The Roller Coaster Ride is Over
For several years now, we’ve peered into our crystal ball, attempting to gauge what the post-Brexit asset management landscape would ultimately look like. It’s been an extended period of deadlines, announcements, and “cliff edges” for the industry particularly in the lead up to the end of the transitionary period on December 31, 2020. Immediately preceding that date, the E.U. and U.K. finally reached a “Brexit Deal” in the shape of the 1,246-page Trade and Cooperation Agreement (TCA). Of all those pages, only six related to financial services in total, so all eyes then turned to a promised Memorandum of Understanding (MOU) to be agreed by a March 31st deadline.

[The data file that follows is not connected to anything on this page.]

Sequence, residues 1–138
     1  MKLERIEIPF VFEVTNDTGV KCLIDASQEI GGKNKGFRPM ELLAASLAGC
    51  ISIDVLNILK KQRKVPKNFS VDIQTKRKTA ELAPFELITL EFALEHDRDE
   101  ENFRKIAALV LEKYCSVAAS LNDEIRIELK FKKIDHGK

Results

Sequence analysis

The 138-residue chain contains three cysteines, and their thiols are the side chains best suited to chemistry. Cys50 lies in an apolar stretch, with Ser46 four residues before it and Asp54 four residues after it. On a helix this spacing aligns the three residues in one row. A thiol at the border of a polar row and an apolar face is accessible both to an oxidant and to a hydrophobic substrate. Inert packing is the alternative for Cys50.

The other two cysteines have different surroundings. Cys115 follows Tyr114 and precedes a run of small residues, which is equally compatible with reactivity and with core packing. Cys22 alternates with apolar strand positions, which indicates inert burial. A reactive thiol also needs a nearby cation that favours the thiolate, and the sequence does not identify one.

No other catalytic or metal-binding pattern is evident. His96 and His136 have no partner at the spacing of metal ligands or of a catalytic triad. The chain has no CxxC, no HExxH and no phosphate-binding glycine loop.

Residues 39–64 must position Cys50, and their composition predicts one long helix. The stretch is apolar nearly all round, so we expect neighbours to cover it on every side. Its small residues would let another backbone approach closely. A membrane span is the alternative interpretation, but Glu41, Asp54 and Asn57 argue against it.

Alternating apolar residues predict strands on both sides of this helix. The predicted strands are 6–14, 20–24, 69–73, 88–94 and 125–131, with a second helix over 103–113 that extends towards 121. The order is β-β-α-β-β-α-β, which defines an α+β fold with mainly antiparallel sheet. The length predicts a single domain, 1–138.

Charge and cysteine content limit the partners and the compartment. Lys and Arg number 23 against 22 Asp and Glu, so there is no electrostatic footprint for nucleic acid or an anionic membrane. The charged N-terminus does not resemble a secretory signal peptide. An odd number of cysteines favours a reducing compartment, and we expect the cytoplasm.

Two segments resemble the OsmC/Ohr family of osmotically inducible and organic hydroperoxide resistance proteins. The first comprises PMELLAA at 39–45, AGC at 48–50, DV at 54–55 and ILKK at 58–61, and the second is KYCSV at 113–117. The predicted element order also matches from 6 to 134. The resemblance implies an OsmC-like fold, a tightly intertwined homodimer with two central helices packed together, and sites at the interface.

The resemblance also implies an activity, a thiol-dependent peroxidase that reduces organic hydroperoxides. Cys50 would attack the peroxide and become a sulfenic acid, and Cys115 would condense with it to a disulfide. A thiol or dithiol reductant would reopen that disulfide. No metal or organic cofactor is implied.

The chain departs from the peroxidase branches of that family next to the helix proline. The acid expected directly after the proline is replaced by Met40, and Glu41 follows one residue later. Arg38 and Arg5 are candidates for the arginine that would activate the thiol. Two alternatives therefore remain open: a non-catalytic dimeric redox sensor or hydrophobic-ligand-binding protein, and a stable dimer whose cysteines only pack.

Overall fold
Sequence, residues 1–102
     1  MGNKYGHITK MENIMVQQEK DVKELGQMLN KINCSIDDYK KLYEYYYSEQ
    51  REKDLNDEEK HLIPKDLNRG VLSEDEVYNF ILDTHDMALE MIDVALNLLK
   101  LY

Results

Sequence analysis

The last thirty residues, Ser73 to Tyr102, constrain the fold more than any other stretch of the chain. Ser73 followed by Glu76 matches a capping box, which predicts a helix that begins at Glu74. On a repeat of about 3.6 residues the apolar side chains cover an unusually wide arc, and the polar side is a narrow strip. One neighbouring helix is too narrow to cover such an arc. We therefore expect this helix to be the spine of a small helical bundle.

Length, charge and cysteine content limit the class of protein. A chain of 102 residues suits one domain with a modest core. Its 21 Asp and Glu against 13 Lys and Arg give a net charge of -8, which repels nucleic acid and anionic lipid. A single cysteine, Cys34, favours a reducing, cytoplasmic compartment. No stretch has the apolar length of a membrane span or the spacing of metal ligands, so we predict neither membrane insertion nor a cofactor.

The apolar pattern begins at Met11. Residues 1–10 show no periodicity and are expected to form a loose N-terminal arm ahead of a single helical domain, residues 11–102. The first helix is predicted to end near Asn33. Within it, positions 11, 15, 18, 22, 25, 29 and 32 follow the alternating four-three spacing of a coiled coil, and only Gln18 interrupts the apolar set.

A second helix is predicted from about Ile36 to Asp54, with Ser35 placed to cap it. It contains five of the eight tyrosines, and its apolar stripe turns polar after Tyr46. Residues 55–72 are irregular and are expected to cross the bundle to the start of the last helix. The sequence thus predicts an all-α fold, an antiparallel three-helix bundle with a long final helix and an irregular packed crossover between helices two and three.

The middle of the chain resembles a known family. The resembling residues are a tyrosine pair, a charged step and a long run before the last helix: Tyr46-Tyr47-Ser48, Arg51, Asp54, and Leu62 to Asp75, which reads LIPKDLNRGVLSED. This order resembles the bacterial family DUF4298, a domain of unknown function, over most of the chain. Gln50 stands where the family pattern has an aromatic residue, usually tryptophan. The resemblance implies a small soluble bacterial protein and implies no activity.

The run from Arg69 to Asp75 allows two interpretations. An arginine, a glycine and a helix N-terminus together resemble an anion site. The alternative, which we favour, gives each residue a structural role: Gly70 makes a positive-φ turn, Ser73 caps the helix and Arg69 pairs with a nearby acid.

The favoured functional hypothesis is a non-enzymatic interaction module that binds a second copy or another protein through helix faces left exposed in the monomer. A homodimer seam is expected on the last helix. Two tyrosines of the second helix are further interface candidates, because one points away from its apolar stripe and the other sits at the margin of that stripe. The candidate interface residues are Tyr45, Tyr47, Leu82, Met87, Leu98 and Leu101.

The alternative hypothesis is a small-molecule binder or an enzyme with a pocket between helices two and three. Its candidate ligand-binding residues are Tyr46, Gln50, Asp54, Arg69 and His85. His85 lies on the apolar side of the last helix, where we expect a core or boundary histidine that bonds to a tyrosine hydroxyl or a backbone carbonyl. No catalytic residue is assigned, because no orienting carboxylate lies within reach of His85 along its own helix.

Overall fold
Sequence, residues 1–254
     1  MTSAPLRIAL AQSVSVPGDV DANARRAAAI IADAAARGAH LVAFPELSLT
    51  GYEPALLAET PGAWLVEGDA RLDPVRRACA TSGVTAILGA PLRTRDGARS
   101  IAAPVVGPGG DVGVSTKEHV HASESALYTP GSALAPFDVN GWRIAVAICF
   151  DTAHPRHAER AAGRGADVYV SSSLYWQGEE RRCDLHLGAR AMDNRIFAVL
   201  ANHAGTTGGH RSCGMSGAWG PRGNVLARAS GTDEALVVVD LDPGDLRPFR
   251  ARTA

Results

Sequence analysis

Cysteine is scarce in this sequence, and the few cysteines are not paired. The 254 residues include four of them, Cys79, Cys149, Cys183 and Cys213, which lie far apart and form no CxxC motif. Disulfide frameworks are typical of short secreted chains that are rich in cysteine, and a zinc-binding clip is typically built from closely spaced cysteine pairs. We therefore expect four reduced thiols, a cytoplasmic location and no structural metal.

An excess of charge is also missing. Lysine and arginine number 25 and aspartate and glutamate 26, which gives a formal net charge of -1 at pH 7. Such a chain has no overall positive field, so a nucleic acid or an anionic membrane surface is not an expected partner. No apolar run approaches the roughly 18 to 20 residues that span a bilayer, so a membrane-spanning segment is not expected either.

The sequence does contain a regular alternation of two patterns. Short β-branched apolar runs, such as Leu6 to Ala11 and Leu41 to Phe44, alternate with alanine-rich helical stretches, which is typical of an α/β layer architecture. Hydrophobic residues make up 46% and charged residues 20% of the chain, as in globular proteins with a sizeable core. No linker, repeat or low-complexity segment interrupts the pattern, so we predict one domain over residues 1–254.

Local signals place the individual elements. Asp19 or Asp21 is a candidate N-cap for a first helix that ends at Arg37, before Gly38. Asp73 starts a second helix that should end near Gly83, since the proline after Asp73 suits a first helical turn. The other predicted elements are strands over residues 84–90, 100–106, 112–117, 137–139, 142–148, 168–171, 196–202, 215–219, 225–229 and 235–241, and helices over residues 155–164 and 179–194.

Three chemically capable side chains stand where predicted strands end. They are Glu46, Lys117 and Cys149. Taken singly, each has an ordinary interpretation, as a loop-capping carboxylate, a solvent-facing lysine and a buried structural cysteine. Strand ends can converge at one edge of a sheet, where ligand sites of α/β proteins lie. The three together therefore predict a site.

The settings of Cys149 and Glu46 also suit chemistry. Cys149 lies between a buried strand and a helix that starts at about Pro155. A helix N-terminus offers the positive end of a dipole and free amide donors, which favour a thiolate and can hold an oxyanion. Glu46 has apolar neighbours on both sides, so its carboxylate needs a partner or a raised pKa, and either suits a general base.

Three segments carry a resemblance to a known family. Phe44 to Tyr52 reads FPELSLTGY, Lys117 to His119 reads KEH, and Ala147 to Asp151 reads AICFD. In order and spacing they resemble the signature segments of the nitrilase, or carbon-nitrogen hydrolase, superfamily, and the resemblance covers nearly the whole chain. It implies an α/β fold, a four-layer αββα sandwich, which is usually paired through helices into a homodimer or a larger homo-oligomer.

Now, the MOU has also arrived and anyone hoping that it would bring an end to the continued Brexit uncertainties will be very much disappointed. The much anticipated financial services draft MOU runs to just 4 pages, and the rulebook for future interactions between the E.U. and U.K. for asset management and other financial services currently remains unwritten. All eyes were peeled for anything related to regulatory equivalence but unsurprisingly to those close to topic, there was no progress and it will remain an issue for another day. As a reminder, equivalence decisions are granted at the E.U. Commission’s discretion, and unlike the single market passport that U.K. firms previously had access to, regulatory equivalence is a privilege, not a right and can be revoked at short notice without much reason. As time has passed without it, the benefit of the equivalence has become an asset with diminishing return as U.K. firms made contingencies by setting up E.U. beachheads or found E.U. partners to collaborate with among their product supply chain.